Organization of Islamic Cooperation meets Wednesday at invitation of Turkish President
Turkish President Recep Tayyip Erdogan hopes to bring together Muslim countries in Istanbul on Wednesday as part of Ankara’s response to Washington’s recognition of Jerusalem as the capital of Israel. This is likely to ramp up tensions in Jerusalem after the Turkish president on December 10 called Israel a “state of occupation and a terror state,” according to Hurriyet Daily News. The Palestinian Authority’s Jerusalem governor, meanwhile, called on countries that will attend the meeting to recognize Jerusalem as the capital of Palestine.
On December 6, Erdogan invited the Organization of Islamic Cooperation to an emergency meeting in Istanbul. Ibrahim Kalin, the president’s spokesperson, said Erdogan had spoken with PA President Mahmoud Abbas and other Muslim heads of state in Qatar, Iran, Saudi Arabia, Pakistan, Malaysia, Tunisia and Indonesia.
Ankara was outraged by the US president’s Jerusalem decision. “We will continue to stand with the oppressed. We will use every opportunity we have for our first qibla, Jerusalem,” the Turkish president said on Sunday, according to Turkish media, referring to Islamic prayers and the holy city. Turkey has accused the US of being a “partner in bloodshed,” and Turkish media have been awash with a photo of a blindfolded Palestinian teenager being led away by IDF troops.
This comes in the context of Turkish anger over the US support for the Syrian Democratic Forces in eastern Syria, which Turkey sees as a partner of the Kurdish People’s Protection Units, as well as the Kurdistan Workers Party, which it and other countries view as a terrorist organization. In October, the US and Turkey were embroiled in a controversy over visas and the two countries have strained relations.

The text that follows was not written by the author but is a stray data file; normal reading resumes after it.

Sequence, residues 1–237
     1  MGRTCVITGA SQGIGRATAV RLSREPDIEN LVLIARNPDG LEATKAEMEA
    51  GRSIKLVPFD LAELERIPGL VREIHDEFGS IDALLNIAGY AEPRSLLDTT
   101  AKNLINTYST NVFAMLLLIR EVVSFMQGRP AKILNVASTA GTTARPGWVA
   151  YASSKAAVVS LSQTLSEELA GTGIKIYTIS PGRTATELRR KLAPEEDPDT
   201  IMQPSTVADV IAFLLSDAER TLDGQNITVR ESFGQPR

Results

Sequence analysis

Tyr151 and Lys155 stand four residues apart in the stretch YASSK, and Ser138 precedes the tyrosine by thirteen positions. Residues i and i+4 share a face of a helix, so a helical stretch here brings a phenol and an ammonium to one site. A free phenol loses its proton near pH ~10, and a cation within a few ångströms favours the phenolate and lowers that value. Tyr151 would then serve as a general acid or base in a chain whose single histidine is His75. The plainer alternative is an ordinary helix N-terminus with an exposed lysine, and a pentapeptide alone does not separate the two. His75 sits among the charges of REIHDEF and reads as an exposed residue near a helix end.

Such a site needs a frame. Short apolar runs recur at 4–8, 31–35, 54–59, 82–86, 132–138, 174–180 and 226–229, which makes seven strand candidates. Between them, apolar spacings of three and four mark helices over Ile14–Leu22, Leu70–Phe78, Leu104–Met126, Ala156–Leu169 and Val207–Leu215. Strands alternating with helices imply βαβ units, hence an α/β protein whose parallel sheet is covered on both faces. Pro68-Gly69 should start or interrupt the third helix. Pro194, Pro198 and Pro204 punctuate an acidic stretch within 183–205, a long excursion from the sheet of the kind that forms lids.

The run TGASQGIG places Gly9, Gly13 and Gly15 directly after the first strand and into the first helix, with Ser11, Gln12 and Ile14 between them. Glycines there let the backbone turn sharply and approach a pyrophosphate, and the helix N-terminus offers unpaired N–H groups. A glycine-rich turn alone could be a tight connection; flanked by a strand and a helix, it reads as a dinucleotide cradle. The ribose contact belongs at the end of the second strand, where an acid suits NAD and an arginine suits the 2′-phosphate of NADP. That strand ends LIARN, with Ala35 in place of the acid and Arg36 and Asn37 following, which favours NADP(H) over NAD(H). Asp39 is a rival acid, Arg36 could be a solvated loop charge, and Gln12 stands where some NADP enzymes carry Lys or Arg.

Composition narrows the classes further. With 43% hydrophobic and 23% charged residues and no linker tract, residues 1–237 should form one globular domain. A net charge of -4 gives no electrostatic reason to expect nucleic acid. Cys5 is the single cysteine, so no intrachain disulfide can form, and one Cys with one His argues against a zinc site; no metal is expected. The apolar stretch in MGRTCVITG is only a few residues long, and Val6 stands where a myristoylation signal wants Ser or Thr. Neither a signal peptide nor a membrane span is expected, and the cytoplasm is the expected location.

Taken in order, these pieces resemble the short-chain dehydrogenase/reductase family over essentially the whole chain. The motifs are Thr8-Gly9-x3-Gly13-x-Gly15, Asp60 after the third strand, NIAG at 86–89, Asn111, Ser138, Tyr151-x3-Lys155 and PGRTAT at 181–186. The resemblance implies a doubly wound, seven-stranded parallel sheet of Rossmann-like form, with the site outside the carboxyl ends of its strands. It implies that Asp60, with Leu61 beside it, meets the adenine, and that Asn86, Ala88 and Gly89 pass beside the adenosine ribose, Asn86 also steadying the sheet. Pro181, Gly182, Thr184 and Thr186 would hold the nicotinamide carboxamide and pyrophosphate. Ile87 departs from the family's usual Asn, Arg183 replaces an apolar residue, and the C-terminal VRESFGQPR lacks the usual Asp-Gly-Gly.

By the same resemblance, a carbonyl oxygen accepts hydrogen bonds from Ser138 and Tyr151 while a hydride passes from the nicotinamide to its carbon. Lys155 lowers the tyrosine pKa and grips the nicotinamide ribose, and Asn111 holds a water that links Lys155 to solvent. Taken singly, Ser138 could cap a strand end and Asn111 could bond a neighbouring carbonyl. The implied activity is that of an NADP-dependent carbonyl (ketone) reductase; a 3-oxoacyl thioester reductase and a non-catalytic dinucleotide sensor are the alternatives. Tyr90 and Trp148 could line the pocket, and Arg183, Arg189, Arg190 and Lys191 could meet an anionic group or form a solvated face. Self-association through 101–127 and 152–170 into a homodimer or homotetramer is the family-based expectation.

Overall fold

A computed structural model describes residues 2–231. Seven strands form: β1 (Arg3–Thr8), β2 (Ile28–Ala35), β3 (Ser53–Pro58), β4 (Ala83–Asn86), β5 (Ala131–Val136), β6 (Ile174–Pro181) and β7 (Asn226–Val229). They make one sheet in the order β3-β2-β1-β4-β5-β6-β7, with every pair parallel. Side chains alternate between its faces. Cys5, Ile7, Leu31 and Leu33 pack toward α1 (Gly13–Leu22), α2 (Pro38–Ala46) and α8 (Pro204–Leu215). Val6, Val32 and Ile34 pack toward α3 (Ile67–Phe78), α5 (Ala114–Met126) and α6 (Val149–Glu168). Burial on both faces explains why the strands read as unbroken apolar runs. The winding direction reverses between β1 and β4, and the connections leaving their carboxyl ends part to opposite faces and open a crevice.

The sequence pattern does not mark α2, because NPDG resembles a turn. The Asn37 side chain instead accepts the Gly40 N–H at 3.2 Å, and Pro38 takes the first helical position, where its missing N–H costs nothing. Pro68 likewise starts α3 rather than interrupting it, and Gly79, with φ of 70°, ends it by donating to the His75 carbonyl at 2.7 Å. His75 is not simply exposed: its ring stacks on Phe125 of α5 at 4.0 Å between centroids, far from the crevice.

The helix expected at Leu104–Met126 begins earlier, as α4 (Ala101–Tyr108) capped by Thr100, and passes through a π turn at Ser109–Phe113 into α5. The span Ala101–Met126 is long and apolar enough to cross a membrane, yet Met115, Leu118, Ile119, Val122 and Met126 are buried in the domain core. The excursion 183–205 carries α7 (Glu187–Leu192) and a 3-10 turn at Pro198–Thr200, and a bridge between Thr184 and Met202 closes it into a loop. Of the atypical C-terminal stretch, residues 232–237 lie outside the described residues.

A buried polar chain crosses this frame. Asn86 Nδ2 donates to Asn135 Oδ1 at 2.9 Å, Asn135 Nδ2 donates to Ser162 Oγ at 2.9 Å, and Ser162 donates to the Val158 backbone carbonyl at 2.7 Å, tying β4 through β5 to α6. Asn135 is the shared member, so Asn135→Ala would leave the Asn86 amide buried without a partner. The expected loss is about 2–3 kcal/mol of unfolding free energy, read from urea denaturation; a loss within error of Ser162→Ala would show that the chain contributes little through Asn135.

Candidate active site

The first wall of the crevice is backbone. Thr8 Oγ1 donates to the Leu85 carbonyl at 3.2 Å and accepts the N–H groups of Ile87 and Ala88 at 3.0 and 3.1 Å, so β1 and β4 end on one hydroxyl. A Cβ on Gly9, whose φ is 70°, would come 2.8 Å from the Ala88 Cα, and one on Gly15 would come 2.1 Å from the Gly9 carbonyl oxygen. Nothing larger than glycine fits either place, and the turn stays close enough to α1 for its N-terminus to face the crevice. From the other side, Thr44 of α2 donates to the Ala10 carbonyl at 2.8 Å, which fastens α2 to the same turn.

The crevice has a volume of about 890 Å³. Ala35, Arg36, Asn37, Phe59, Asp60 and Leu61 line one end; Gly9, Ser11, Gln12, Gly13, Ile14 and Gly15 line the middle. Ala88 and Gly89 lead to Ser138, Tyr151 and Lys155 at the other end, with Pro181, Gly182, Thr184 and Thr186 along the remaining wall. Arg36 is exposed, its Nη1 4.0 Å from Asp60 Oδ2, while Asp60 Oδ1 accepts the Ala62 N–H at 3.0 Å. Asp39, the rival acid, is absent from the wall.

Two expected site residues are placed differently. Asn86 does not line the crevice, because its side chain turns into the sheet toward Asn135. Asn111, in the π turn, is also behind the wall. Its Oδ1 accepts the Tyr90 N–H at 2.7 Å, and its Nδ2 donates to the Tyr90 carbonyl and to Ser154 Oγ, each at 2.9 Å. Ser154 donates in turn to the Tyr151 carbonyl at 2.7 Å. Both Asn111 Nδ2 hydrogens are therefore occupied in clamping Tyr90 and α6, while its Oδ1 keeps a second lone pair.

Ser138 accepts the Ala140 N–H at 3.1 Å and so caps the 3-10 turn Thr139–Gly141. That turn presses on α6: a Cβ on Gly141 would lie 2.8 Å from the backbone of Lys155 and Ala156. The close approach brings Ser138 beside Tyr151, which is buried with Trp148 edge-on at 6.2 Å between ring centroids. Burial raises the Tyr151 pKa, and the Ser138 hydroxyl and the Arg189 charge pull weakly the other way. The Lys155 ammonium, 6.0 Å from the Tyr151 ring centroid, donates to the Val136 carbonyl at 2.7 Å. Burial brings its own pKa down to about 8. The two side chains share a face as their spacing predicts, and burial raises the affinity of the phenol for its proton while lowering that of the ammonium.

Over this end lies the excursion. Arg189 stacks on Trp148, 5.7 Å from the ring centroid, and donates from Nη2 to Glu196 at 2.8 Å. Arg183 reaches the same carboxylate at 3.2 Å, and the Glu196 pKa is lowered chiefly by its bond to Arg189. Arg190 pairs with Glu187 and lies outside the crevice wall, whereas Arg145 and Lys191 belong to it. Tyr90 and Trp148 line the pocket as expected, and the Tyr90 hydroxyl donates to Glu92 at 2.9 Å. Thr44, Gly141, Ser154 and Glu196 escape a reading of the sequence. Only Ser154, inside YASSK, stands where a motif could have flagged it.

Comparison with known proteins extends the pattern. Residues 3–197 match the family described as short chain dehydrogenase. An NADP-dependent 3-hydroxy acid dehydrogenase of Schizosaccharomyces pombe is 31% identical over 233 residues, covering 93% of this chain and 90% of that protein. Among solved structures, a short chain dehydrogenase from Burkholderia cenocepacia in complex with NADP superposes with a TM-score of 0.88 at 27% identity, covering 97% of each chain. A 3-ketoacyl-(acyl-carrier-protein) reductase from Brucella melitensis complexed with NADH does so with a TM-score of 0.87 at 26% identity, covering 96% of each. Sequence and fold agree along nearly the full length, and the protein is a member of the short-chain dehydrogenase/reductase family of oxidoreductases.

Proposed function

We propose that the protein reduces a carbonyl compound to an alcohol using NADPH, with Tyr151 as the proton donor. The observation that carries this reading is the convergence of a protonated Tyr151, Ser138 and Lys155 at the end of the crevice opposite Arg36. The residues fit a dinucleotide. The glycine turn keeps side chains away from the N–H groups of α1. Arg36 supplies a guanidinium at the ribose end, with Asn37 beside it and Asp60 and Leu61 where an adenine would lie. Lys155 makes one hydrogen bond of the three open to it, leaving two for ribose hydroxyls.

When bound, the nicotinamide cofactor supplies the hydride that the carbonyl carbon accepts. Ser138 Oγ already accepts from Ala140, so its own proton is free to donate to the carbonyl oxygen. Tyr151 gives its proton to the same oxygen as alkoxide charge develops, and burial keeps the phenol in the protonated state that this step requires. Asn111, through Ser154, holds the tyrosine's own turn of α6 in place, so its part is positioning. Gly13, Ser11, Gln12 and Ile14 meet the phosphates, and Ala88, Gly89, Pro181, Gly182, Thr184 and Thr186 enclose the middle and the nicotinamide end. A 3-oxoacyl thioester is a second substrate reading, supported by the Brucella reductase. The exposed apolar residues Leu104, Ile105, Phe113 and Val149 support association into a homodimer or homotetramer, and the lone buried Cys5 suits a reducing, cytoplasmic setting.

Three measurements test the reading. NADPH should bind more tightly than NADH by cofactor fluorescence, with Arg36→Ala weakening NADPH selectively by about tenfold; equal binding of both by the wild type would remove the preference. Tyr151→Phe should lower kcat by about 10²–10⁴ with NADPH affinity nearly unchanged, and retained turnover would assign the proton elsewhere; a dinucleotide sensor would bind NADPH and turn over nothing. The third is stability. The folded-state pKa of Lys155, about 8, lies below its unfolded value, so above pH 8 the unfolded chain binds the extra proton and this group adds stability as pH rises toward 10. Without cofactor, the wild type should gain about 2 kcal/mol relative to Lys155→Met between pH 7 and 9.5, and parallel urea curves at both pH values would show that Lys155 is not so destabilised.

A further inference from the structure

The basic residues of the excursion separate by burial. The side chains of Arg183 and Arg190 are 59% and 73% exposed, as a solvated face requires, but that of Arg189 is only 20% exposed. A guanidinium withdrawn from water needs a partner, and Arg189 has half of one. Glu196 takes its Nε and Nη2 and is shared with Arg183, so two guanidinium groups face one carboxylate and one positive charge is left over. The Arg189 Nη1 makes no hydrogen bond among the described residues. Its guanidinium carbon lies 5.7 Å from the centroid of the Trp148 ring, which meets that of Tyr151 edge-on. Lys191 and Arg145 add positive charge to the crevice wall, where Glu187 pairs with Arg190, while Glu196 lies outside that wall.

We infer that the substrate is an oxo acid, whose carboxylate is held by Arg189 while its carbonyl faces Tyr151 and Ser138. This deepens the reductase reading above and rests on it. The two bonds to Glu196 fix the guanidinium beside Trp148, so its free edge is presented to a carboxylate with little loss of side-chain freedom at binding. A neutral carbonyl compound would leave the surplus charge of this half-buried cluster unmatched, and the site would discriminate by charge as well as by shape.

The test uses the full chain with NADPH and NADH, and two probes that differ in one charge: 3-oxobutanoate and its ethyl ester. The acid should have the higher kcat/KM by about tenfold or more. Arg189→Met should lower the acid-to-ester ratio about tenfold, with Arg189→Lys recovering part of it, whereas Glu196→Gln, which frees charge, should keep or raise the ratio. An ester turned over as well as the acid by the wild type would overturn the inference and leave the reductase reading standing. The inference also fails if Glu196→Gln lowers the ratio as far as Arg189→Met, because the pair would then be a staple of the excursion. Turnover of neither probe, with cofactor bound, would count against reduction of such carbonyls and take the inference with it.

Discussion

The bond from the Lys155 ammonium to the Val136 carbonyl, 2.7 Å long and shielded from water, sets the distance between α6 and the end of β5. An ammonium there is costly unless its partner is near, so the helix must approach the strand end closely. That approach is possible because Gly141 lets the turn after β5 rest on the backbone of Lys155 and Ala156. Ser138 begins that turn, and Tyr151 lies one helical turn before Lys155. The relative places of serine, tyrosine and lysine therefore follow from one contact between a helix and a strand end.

Iranian President Hassan Rouhani is scheduled to attend the Istanbul summit and deliver a speech, Iranian media reported. He is scheduled to leave for Turkey the night of December 12. Erdogan and Rouhani met in Sochi with Russian President Vladimir Putin in late November. The Jerusalem issue has united some in the OIC. Last year in Istanbul, Iran was criticized for “interference” in the region and for “support for terrorism.”
The President of Kazakhstan, Nursultan Nazarbayev, is likely to attend, as is Lebanese President Michael Aoun. King Abdullah of Jordan, who was just in Turkey, is also expected to attend.
The announcement of the Istanbul meeting comes two days after the Arab League condemned the US’s Jerusalem decision. On Monday, Abbas went to Cairo to meet with Egyptian President Abdel Fattah al-Sisi while Israeli Prime Minister Benjamin Netanyahu flew to Paris.
Adnan al-Husayni, the PA’s designated governor for Jerusalem, urged the OIC meeting in Istanbul to recognize Jerusalem as “the capital of Palestine.” He claimed such a move would be an answer to Trump’s speech. “It can have a very strong impact on the political level.”
It is still unclear whether some of the key leaders in the region will attend the Istanbul meeting or send a high-level representative. On December 11, Sisi met with Putin in Cairo after Putin had just come from a meeting with Syrian President Bashar Assad in which he ordered some troops withdrawn from Syria. Saudi Arabia’s attendance will also be key to any important decisions made in Istanbul.